Command from the clouds
The year the first satcom system introducing internet and email on aircraft was introduced
Satcom1 goes live
Between 6,500 and 10,000 new business jets are predicted to be purchased in the next 8 years
Working closely with the engineering and IT departments, Larsen launched the second-generation internet and email capable modems, before leaving for a different position. But her interest in aeronautical satellite communications solutions never faded, and in 2003 Larsen joined forces with two partners – one has since departed – to launch Satcom1.
Because of Larsen’s technical background, Satcom1 has always been a very innovative company. Responding to demand from clients, it is about to launch satellite communications for helicopters.
From 2014 the company will be providing its services to all sorts of helicopters, “from private crafts that require onboard televisions, to service helicopters that pick up refugees in remote locations”, explains Larsen. “The challenge has always been to manage the rotor wing, so we had to redesign the network in a way that it compensates for the fast interruptions. It involves a lot of satellite and hardware improvements and we will be ready to launch in 2014.” She relishes the challenge, and this permeates everything that Satcom1 does.
Satcom1 provides complete satellite communication services for aircraft, from system selection and design to airtime service activation and detailed billing. “We, the founders of Satcom1, felt and still feel today that we are the glue that connects the various parts of the industry together. We saw back then that customers buying brand new aircraft who also got satellite communication systems installed, found it didn’t work on delivery, and a few months later it still didn’t work; the people who installed the line said it should work, the people who sold the hardware insisted it should work, and the person who did the wiring said it should work, but no one took responsibility for the final product. For me an aircraft is a huge investment and I wanted to take that responsibility. I wanted to join all the dots of this industry.”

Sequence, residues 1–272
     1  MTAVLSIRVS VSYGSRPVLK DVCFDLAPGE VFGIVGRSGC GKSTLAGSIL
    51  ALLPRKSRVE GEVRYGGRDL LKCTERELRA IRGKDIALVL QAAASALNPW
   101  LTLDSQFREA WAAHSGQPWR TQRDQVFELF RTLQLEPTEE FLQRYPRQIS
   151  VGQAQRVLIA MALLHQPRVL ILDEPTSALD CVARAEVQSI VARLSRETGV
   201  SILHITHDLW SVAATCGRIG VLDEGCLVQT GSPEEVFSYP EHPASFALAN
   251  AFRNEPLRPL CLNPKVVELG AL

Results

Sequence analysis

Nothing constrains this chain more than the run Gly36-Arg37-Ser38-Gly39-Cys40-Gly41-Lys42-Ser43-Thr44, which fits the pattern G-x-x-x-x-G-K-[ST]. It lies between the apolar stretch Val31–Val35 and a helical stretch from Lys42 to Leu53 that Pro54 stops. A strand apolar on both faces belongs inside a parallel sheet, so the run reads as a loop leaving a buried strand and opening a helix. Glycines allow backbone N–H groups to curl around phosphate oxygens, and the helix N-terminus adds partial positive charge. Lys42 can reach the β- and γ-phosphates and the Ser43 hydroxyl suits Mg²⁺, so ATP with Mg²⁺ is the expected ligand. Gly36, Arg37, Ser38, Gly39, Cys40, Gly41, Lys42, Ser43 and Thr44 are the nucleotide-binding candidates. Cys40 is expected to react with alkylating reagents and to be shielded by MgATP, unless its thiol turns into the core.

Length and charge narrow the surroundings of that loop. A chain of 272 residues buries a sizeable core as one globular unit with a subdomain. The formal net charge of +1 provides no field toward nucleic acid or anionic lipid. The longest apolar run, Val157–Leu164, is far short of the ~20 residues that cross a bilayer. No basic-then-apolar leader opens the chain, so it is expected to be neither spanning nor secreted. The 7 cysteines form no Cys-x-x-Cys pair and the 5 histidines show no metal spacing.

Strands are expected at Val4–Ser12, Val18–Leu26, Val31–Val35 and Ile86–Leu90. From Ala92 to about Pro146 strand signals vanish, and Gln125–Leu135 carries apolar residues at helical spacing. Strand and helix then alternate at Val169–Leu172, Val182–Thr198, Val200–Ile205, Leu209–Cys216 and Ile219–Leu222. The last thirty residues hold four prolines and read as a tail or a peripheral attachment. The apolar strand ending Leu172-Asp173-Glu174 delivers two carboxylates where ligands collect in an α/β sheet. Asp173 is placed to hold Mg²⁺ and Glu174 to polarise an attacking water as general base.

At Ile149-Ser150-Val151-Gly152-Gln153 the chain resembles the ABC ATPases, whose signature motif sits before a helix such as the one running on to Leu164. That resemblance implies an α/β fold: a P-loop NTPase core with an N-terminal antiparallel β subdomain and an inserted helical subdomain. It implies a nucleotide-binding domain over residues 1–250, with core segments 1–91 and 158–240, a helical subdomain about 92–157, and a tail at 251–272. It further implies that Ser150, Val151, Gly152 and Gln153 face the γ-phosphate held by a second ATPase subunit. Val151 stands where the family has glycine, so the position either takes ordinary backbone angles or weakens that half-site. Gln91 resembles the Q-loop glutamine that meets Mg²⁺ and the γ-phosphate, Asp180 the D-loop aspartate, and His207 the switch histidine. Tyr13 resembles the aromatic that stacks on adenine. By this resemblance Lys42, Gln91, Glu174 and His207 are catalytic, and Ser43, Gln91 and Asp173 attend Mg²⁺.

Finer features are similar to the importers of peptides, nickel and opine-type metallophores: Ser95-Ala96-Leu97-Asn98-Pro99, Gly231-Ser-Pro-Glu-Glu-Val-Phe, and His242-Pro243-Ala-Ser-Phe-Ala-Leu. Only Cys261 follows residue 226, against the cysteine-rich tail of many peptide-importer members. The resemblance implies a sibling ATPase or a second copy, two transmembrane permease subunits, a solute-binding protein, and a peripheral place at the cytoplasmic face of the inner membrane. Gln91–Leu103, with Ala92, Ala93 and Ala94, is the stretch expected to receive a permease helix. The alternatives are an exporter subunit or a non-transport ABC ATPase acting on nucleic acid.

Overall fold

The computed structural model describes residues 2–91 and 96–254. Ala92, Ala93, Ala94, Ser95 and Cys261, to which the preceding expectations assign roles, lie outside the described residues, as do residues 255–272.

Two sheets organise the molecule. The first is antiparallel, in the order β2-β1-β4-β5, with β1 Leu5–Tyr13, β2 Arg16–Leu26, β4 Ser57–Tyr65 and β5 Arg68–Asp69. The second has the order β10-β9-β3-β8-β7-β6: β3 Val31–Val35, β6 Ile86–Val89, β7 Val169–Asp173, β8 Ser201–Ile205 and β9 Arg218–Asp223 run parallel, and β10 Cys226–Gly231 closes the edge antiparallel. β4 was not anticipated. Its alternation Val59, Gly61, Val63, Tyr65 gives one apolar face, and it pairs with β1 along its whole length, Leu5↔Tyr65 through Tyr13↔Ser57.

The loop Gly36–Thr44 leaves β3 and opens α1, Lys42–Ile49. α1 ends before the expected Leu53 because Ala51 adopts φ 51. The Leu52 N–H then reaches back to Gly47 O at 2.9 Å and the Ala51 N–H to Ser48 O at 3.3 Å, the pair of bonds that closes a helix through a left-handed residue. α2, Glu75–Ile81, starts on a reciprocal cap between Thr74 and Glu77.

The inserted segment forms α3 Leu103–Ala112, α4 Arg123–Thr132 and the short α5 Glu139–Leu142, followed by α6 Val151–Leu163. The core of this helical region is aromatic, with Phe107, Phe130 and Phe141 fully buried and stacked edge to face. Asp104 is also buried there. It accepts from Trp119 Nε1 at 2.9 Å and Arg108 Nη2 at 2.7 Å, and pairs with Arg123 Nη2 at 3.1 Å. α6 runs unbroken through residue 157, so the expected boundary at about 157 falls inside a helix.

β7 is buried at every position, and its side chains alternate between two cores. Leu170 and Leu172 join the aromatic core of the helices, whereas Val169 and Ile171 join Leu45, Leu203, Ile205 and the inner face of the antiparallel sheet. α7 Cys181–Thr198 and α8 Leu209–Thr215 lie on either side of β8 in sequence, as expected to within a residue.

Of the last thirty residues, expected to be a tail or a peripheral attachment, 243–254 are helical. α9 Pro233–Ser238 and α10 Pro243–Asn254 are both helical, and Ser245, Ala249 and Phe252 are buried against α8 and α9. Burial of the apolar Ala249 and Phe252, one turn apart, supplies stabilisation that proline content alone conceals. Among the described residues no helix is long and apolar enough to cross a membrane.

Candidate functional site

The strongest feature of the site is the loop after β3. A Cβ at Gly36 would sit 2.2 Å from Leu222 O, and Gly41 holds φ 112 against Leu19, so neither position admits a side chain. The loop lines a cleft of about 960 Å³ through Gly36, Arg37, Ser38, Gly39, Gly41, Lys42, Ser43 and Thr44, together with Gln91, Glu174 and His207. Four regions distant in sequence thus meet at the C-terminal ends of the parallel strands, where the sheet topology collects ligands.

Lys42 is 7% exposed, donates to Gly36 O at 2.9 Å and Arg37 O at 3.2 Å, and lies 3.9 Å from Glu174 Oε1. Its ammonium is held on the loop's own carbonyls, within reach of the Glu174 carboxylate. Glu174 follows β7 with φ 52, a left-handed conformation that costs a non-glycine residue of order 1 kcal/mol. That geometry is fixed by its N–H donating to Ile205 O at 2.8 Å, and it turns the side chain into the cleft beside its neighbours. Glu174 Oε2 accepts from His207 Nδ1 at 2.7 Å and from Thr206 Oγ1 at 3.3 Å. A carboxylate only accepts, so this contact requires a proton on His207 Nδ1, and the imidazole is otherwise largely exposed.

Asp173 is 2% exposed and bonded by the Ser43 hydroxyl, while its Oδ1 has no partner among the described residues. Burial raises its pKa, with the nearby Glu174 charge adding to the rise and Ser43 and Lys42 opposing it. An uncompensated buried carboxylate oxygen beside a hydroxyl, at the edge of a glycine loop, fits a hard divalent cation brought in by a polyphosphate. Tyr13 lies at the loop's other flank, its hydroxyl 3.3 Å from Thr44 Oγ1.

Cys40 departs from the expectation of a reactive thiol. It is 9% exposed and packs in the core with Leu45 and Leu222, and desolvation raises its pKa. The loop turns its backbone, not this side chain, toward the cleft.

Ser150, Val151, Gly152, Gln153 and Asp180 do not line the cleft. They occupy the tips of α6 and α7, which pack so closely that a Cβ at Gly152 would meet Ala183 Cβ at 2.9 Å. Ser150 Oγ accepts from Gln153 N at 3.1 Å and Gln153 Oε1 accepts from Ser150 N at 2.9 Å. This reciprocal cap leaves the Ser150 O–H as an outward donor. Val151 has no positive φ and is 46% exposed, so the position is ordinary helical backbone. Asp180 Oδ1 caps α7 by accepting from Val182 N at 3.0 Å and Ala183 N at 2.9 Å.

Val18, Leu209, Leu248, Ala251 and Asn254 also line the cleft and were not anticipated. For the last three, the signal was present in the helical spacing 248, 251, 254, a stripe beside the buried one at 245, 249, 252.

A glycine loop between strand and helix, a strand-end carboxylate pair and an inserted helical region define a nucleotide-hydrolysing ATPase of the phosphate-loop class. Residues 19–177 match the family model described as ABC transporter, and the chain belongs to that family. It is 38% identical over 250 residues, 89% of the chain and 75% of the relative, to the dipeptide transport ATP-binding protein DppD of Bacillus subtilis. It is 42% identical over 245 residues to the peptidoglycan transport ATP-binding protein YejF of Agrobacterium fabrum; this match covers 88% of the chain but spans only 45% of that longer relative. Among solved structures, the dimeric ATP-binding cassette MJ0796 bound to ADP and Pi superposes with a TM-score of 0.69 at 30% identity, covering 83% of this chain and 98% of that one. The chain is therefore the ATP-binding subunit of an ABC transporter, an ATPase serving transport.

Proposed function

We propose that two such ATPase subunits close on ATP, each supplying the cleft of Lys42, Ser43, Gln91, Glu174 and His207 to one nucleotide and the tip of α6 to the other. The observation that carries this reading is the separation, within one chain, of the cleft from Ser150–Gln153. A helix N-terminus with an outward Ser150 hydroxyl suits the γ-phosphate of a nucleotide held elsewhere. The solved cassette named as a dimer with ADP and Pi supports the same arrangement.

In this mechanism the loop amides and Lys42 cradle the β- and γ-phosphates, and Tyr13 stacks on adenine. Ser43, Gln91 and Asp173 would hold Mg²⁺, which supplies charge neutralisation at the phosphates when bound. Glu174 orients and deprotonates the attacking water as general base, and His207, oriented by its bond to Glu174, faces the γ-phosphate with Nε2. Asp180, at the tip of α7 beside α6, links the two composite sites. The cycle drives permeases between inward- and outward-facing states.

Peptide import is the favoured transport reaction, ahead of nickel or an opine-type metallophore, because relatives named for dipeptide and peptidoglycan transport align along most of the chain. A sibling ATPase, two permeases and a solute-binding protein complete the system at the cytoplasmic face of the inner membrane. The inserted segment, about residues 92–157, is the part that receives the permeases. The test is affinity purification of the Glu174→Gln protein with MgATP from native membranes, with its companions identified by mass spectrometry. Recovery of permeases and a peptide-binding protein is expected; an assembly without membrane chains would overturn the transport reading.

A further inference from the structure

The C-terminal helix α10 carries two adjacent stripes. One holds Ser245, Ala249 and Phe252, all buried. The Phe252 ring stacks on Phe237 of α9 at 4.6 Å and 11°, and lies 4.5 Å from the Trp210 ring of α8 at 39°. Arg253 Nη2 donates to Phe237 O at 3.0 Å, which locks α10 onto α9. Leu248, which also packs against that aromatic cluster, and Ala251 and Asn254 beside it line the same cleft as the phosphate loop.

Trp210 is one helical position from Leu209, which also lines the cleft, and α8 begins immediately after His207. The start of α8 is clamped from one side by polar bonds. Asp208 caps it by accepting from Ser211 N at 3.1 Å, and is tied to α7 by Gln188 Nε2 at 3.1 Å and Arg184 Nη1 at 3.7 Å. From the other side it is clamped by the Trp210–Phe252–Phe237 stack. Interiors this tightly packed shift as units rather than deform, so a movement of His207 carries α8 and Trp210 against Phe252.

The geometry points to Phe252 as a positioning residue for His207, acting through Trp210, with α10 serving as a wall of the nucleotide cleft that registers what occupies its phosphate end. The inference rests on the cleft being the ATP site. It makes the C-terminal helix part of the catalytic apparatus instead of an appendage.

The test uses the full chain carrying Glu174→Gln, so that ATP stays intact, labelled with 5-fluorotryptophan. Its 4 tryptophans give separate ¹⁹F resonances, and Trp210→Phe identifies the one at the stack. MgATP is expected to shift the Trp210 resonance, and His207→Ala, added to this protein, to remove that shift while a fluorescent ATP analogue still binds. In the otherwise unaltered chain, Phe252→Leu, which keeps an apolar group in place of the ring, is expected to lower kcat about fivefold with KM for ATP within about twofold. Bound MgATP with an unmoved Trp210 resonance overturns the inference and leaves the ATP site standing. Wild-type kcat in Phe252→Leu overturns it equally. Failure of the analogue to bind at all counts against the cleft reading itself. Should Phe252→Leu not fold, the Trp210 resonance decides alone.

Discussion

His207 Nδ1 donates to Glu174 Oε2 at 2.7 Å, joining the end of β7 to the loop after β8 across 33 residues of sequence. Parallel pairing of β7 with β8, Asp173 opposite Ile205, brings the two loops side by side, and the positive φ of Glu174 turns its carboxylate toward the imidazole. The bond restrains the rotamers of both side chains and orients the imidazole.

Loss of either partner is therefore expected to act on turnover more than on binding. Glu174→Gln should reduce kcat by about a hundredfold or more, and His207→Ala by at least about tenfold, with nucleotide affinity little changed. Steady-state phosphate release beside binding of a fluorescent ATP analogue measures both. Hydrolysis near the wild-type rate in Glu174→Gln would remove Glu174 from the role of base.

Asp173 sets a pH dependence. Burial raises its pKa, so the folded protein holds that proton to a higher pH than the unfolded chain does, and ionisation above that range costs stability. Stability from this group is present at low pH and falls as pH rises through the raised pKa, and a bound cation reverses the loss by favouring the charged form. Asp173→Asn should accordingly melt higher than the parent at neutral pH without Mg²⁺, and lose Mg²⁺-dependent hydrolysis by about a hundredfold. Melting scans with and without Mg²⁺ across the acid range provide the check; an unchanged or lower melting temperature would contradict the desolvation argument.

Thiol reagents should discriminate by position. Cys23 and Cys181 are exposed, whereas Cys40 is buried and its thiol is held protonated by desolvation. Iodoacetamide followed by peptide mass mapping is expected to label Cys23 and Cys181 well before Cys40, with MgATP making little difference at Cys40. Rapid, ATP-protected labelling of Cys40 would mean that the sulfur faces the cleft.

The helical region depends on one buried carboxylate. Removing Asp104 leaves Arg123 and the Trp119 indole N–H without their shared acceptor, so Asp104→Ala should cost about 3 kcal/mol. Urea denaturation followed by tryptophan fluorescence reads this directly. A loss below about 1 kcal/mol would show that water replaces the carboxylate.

From A to B
From the perspective of private individuals and companies, Larsen believes that investing in adequate solutions for business jets now is about risk management and efficiency.
“Companies don’t want CEOs and CFOs on the same aircraft, for example; they are thinking differently in terms of risk. They are also looking for more efficiency in getting from A to B,” she explains. “Time matters. Before 2007 it was maybe okay to take a long route to get somewhere, but during the crisis you had to be focused or you had to generate new markets, so time started to matter even more.”
Meanwhile, the private aviation market continues to grow, especially in emerging markets, and Satcom1 is expanding its aero satellite communication business in new regions. “We want to grow in Asia and continue our growth in the Middle East. The BRIC markets also account for satellite communication,” says Larsen. “Brazil is big in aviation as Embraer is located there. India is growing but it is still lacking infrastructure. There is the money, but there is nowhere to land the jets. China is very interested and wants to be well-equipped, but is still short in infrastructure as well. And Russia is definitely growing fast right now, and it does have an infrastructure.”
There are certainly plenty of opportunities emerging in the aeronautics industry, as Larsen is keen to emphasise, and Satcom1, through ingenuity and innovation, is poised to continue on its upward trajectory.